There are a range of options to look into when it comes to financial aid programs available to you to help pay for your education. Scholarships and grants are awards that usually do not need to be paid back. Loans must be repaid, so it’s important to be only borrow what you need for educational expenses. Speak to your prospective school’s Financial Aid office to find out if there are any non-loan sources of financial assistance before utilizing a loan.

Scholarships

Grants

Federal Direct Unsubsidized Loans

Federal Direct Graduate PLUS Loans

Private Loans

Scholarships

Thousands of scholarships are made available each year from a variety of sources to help graduate students pay for tuition or other education expenses. Scholarship funds to be used for college expenses typically represent money that you will not have to pay back. Scholarship search tools online can help you find awards that you might qualify for. An overview of these financial options includes:

Learn More

Grants

Grants can be aid provided by federal or state governments or other outside sources which will not need to be repaid. Find out more about Federal Pell Grants, Federal Supplemental Educational Opportunity Grants, and more.

Learn More

Federal Direct Unsubsidized Loans

These loans are available to students with no requirement to demonstrate financial need. The student is responsible for paying the interest while in school, however the student may defer paying interest by capitalizing it, which adds it to the principal of the loan. Students who graduate, leave school, or enroll in less than half time per semester have a six-month grace period before repayment begins.

Learn More

Federal Direct Graduate PLUS Loans

These are non-need-based loans available to eligible students enrolled at least half time. This loan will require a credit check of the borrower to establish credit worthiness, the student or parent may borrow up to a maximum of unmet costs (cost of attendance) minus aid per academic year.

Learn More

Private Loans

These are loans provided by outside resources such as banks or credit unions with unique payment terms and interest rates.

Learn more about ways to manage tuition costs at Keller Graduate School of Management.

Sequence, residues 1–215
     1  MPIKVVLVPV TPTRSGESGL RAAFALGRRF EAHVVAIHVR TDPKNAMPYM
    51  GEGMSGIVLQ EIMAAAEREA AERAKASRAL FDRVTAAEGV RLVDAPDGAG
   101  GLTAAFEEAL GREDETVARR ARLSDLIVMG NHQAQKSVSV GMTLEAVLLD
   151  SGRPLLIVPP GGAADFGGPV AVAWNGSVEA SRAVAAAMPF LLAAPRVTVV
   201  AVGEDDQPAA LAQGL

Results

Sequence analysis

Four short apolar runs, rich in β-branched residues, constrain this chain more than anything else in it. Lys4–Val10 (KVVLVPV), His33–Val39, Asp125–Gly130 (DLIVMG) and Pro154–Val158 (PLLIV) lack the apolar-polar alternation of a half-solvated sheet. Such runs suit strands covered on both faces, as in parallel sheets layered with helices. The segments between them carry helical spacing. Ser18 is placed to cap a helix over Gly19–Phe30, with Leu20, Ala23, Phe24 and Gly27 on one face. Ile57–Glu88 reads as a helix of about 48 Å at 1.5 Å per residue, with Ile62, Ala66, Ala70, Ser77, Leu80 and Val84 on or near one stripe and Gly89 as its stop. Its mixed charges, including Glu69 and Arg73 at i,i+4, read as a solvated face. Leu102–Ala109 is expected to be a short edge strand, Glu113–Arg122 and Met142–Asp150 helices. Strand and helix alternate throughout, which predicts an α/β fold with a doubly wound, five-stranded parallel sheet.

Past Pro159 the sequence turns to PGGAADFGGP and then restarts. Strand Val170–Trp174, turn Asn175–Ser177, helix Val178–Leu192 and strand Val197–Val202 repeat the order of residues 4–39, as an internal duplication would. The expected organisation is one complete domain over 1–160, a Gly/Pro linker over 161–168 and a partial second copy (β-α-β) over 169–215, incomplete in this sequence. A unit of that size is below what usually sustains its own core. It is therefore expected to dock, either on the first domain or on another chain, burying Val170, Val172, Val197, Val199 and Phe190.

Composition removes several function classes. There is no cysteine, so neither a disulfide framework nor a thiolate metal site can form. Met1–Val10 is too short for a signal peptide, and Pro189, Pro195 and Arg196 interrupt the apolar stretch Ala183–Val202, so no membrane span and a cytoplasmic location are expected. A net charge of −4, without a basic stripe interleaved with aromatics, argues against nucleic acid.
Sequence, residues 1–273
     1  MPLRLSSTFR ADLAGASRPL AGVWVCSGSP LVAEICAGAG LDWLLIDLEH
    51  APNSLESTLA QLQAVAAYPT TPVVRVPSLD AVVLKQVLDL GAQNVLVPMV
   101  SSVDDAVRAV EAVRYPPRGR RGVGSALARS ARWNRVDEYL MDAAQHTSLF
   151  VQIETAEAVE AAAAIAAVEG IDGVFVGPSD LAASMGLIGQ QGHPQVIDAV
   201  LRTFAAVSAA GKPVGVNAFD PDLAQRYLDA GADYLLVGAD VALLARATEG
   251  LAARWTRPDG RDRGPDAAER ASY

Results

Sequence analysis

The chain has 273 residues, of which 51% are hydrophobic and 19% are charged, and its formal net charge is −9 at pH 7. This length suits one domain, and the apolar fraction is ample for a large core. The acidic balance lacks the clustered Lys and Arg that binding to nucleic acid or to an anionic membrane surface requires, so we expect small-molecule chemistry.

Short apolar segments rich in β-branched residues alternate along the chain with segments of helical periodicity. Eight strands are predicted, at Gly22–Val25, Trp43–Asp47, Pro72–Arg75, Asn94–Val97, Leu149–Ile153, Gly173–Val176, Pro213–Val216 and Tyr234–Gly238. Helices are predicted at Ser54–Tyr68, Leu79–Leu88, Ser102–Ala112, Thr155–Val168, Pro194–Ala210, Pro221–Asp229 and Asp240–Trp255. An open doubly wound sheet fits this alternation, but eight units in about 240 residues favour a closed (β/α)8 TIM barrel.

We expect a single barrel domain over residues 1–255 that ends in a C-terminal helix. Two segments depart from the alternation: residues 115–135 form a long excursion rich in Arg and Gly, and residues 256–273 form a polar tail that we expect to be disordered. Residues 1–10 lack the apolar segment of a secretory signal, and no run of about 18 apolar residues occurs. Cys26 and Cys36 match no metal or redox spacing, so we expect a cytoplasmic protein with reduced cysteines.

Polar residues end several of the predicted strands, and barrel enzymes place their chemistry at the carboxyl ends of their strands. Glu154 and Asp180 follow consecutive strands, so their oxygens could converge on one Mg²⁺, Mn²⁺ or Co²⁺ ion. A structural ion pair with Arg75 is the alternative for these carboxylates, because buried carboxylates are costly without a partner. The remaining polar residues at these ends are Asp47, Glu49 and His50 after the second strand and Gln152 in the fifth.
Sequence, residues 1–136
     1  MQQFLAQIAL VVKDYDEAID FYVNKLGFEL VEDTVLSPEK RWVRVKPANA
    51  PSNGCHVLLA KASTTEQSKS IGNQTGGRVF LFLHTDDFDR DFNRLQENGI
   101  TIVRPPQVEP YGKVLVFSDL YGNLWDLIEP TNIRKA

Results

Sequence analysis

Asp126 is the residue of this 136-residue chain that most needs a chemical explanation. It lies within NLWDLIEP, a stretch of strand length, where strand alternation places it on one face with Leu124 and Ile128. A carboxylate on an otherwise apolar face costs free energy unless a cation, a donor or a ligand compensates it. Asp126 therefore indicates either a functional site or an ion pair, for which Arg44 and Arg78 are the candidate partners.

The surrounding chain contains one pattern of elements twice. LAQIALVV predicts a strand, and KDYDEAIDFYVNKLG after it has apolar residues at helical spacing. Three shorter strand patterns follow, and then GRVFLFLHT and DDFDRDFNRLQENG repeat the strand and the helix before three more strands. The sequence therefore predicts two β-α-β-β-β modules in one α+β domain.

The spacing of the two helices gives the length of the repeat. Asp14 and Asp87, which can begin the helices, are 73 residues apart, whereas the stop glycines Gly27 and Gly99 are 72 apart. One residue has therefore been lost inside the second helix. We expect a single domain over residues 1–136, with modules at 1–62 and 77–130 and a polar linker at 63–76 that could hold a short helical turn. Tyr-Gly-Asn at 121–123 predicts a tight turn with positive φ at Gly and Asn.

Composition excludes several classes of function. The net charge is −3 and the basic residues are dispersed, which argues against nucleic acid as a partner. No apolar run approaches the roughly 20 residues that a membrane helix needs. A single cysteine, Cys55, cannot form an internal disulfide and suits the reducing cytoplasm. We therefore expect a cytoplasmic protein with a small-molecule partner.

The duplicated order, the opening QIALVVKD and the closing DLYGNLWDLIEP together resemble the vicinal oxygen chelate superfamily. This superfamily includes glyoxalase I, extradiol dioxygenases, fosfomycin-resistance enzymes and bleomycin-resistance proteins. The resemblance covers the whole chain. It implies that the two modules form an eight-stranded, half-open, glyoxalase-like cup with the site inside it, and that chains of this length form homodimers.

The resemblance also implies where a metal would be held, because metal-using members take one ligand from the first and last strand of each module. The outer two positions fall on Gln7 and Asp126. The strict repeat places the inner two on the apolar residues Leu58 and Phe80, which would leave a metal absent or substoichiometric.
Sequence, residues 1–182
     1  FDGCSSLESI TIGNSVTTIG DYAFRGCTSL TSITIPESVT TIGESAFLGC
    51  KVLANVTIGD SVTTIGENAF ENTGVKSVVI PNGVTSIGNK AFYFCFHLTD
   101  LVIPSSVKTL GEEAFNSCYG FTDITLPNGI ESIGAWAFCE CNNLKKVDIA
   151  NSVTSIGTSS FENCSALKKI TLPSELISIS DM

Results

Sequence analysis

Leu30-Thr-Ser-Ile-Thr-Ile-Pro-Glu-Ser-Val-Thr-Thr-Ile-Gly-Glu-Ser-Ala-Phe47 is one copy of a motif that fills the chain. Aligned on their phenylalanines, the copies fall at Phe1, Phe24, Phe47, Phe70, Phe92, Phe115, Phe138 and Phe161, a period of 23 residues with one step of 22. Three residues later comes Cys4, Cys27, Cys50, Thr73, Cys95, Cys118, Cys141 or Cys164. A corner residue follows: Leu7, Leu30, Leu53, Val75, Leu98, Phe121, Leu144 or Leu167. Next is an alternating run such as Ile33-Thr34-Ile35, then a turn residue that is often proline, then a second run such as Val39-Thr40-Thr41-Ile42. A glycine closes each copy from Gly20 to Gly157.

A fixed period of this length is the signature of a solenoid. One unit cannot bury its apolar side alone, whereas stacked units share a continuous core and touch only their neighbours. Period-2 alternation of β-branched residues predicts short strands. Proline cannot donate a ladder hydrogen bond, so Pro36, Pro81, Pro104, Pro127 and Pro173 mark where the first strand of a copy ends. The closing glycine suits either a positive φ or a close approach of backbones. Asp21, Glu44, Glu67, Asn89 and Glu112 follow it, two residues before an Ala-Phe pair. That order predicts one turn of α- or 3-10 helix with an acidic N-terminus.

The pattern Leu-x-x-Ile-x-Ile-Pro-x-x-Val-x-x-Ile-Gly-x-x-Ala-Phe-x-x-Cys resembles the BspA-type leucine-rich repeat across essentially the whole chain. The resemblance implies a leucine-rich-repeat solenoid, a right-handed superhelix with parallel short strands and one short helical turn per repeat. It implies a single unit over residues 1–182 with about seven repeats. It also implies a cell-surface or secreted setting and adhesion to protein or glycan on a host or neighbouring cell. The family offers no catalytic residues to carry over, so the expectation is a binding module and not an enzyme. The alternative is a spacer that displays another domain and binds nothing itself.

GRAD SCHOOL FINANCING CHECKLIST

When you’re ready to begin working on the process of investing in your education, there are several steps you can take to get off to a solid start:

Eligibility

Determine your eligibility for federal aid. There are a variety of requirements, ranging from citizenship to previous academic standing and loan status.

Dependency

Determine your dependency status. Additional information may be needed if you are considered a dependent of your parents or other guardians.

Documents

Gather financial documents needed to complete the Free Application for Federal Student Aid (FAFSA®).

FAFSA

Apply for your Federal Student Aid ID and complete your application at fafsa.ed.gov. If you are a dependent student, both you and a parent will need a FSA ID to electronically sign your FAFSA.

Financial Plan

Set up a meeting with your prospective school’s Financial Aid office to discuss your personalized financial plan.

Learn more about tuition and financial aid at Keller Graduate School of Management, or download our financial guide that includes checklists and other details. 

GI Bill® is a registered trademark of the U.S. Department of Veterans Affairs (VA). More information about education benefits offered by the VA is available at the official U.S. government website: www.benefits.va.gov/gibill.

FAFSA® is a registered trademark of the U.S. Department of Education.